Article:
Jump to ContentJump to Main Navigation
Tractarians and the 'Condition of England'The Social and Political Thought of the Oxford Movement$
Users without a subscription are not able to see the full content.

S. A. Skinner

Print publication date: 2004

Print ISBN-13: 9780199273232

Published to Oxford Scholarship Online: January 2010

DOI: 10.1093/acprof:oso/9780199273232.001.0001

Show Summary Details
Page of

PRINTED FROM OXFORD SCHOLARSHIP ONLINE (www.oxfordscholarship.com). (c) Copyright Oxford University Press, 2019. All Rights Reserved. Under the terms of the licence agreement, an individual user may print out a PDF of a single chapter of a monograph in OSO for personal use (for details see www.oxfordscholarship.com/page/privacy-policy).date: 18 July 2019

High Politics: Church and State

High Politics: Church and State

Chapter:
(p.87) 2 High Politics: Church and State
Source:
Tractarians and the 'Condition of England'
Author(s):

S. A. Skinner (Contributor Webpage)

Publisher:
Oxford University Press
DOI:10.1093/acprof:oso/9780199273232.003.0003

This chapter argues that tractarian attitudes to establishment marked a breach with the social utilitarianism which they felt had corrupted the older high-church position, and signified a dynamic conception of the church's function in society. The conviction that the catholic Church of England had been compromised by the erastian pretensions of a liberal state sent up clouds of anti-establishment chaff among supporters of tractarianism. Tractarians emphasised the independence of the church from the state; the derivation of its authority not from the ‘accident’ of national establishment but from the ‘plain historical fact’ of the apostolic succession. A specific measure of the differences between old high-church and later tractarian reviewers lies in the British Critic's changing attitudes to Thomas Chalmers, whose celebrated London lectures of April and May 1838 confirmed his reputation as the principal advocate of national establishments. This chapter also considers the views of John Keble regarding the separation of church and state.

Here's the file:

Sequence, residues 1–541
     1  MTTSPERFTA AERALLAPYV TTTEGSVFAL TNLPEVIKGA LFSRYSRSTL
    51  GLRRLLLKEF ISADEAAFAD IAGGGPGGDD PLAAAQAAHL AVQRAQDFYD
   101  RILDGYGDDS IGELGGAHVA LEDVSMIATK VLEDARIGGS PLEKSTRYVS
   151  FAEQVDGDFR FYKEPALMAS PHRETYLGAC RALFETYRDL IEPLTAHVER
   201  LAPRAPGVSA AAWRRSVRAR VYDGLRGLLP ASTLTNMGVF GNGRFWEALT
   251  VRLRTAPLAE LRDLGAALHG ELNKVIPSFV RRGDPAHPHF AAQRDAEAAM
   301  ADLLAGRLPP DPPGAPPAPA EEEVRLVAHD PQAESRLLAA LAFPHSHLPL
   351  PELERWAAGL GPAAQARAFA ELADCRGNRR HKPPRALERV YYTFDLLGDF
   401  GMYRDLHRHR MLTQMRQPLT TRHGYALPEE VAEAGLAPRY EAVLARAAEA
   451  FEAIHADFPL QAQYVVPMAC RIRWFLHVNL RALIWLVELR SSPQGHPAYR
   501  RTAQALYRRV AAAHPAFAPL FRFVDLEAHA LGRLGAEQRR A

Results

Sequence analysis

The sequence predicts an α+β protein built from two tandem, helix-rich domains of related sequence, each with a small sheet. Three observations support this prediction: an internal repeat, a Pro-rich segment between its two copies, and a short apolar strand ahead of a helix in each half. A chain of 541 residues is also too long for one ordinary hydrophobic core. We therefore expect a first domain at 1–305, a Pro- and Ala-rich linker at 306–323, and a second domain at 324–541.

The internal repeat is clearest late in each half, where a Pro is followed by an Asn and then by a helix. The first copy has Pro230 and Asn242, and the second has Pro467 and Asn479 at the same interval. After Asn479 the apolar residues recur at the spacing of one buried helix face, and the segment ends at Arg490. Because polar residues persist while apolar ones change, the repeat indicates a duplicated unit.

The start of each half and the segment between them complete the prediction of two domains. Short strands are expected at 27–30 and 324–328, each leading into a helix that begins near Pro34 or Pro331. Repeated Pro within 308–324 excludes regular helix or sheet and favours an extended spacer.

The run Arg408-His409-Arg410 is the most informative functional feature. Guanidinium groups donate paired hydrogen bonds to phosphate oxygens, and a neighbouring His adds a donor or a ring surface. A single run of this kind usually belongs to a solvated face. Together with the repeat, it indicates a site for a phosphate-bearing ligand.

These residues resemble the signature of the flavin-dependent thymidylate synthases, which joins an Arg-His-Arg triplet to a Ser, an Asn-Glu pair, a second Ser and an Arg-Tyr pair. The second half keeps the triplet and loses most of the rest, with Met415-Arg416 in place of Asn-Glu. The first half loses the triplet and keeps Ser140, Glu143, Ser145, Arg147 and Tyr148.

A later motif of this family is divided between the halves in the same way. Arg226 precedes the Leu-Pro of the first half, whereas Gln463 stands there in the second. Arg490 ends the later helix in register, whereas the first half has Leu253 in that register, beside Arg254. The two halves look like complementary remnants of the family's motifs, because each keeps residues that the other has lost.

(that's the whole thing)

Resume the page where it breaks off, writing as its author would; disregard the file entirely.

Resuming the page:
Keywords:   tractarianism, politics, church and state, Church of England, Thomas Chalmers, social utilitarianism, British Critic, John Keble

Oxford Scholarship Online requires a subscription or purchase to access the full text of books within the service. Public users can however freely search the site and view the abstracts and keywords for each book and chapter.

Please, subscribe or login to access full text content.

If you think you should have access to this title, please contact your librarian.

To troubleshoot, please check our FAQs , and if you can't find the answer there, please contact us .